What is ketosis-prone Type 2 diabetes?
Ketosis-prone Type 2 diabetes blurs the lines between Type 1 and Type 2 diabetes and is often described as an ‘atypical’ subtype of diabetes. If refers to a form of the condition that commences with ketoacidosis in individuals who have no known precipitating causes: their GAD65 and anti-islet cell antibody tests return negative results.
Ketosis-prone Type 2 diabetes was first identified in the 1980’s among African Americans residing in the ethnically diverse neighborhood of Flatbush in Brooklyn, New York. For this reason, it is also referred to as Flatbush diabetes. While presenting with DKA at the time of their diagnosis, the patients ultimately experienced a clinical course resembling that of Type 2 diabetes. Also described as a form of ‘Type 1.5 diabetes’ or ‘temporary diabetes’, this manifestation of diabetes has been the subject of a growing number of studies.
While the early clinical studies focused particularly on African American, African, and Caribbean individuals, KPD has been characterized as an “emerging worldwide clinically important entity”, particularly in Sub-Saharan African, Asian, Indian, and Hispanic populations.
Symptoms of diabetic ketoacidosis (DKA)
Ketosis-prone Type 2 diabetes initially presents with high blood glucose levels and diabetic ketoacidosis (DKA). DKA is a potentially fatal condition that occurs when insulin production in the body is insufficient. As a result, glucose can’t enter the cells, so the body converts fatty acids into acidic ketone bodies as an alternate source of fuel. In high levels, ketones in the body can cause the breath to have a fruity odour, but also lead to:
- stomach pain
- nausea and vomiting
These are some of the symptoms that Hope*, a 45-year-old security guard of Nigerian descent, experienced during one of the COVID-19 lockdowns in the UK. He had been diagnosed with Type 2 diabetes two years earlier but had displayed excellent control until then. Seven days prior to his visit to the hospital, he experienced headaches, vomiting and a frequent need to urinate. Dramatically, he also lost 4kg over a very short period.
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Dr Glennis Williams, a GP with a special interest in Diabetes and Medical education, at Grove Park Terrace Surgery in London, UK, is familiar with this case of ketone-prone diabetes. “This episode for him” she explains “was triggered by the reduced activity due to the COVID-19 restrictions and the fact that he consumed six cartons of pineapple juice over a 4-day period.” Hope realized later that he had been consuming excess sugar, which had in turn triggered this acute episode. After changing his diet, he developed recurrent hypoglycaemia and had to be taken off insulin.
According to Dr Gideon Mlawa, consultant physician and endocrinologist at Queen’s hospital, London, patients presenting with ketosis-prone diabetes show significant improvement after insulin administration brings blood glucose levels down to a normal range. In long–term care, the patients may be taken off insulin and can be managed with diet alone, or diet and oral medications like in many Type 2 diabetes cases.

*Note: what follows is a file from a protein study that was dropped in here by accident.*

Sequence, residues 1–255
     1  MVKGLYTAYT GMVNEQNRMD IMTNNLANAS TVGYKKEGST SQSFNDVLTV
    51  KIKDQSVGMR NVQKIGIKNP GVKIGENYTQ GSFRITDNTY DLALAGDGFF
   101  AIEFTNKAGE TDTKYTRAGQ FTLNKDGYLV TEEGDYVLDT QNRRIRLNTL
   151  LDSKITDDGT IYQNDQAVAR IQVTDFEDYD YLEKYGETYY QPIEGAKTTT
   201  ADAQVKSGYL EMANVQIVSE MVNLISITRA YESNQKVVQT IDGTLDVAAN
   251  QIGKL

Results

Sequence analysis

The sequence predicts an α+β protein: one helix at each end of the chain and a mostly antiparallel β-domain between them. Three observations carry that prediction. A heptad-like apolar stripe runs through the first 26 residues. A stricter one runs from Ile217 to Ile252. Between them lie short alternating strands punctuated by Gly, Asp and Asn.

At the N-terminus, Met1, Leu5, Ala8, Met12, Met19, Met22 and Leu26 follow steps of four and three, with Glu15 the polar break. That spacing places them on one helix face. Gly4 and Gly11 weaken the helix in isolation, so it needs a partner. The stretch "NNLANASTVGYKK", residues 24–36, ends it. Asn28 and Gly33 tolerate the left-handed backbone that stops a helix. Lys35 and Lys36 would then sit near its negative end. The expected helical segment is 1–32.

As the symptoms of Flatbush diabetes are dynamic, Dr Mlawa encourages healthcare professionals to be mindful when working with people of African and Caribbean origin. “If they [people of African or Caribbean origin] present with high blood ketones, a high body weight, and become insulin independent following an initial Type 1 diabetes diagnosis, that is a sign that they might have Flatbush or a ketone–prone subtype of diabetes,” he adds.
How to get tested for ketone-prone diabetes
To fully confirm that the patient has ketone-prone diabetes, Dr Mlawa says that GAD65 and anti-islet antibody tests should be done. This is because a negative antibody test confirms ketone-prone diabetes, and differentiates it from latent autoimmune diabetes in adults (LADA), a slow-progressing form of autoimmune diabetes generally found in adults.
The specific factors responsible for the development and remission of Flatbush diabetes remain unknown. However, Dr Mlawa says that when clinicians see ethnic minority patients presenting with DKA, they must start them on insulin rather than waiting for confirmation of ketone-prone diabetes. That way they won’t miss the diagnosis if it turns out to be Type 1 diabetes. “After initial therapy, and patient’s life has been saved, then follow–up and treatment adjustments can be made,” he adds.
This article was written following a virtual event series organised by Diabetes Africa. Novo Nordisk provided sponsorship to support the costs of running the virtual event series. Novo Nordisk did not have any input into selection of speakers, programme content or agendas.